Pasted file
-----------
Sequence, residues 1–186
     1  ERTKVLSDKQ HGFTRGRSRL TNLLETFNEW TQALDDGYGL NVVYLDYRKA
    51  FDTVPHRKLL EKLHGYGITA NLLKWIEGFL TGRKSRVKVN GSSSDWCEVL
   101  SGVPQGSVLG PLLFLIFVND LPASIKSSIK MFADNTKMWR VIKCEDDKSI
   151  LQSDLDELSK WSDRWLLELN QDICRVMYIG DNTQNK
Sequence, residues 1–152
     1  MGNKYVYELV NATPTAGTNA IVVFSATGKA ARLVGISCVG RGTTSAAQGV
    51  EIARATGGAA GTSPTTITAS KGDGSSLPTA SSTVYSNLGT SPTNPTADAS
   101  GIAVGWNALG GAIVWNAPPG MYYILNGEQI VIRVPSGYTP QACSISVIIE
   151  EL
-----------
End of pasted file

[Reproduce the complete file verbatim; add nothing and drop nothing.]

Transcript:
Sequence, residues 1–186
     1  ERTKVLSDKQ HGFTRGRSRL TNLLETFNEW TQALDDGYGL NVVYLDYRKA
    51  FDTVPHRKLL EKLHGYGITA NLLKWIEGFL TGRKSRVKVN GSSSDWCEVL
   101  SGVPQGSVLG PLLFLIFVND LPASIKSSIK MFADNTKMWR VIKCEDDKSI
   151  LQSDLDELSK WSDRWLLELN QDICRVMYIG DNTQNK
Sequence, residues 1–152
     1  MGNKYVYELV NATPTAGTNA IVVFSATGKA ARLVGISCVG RGTTSAAQGV
    51  EIARATGGAA GTSPTTITAS KGDGSSLPTA SSTVYSNLGT SPTNPTADAS
   101  GIAVGWNALG GAIVWNAPPG MYYILNGEQI VIRVPSGYTP QACSISVIIE
   151  EL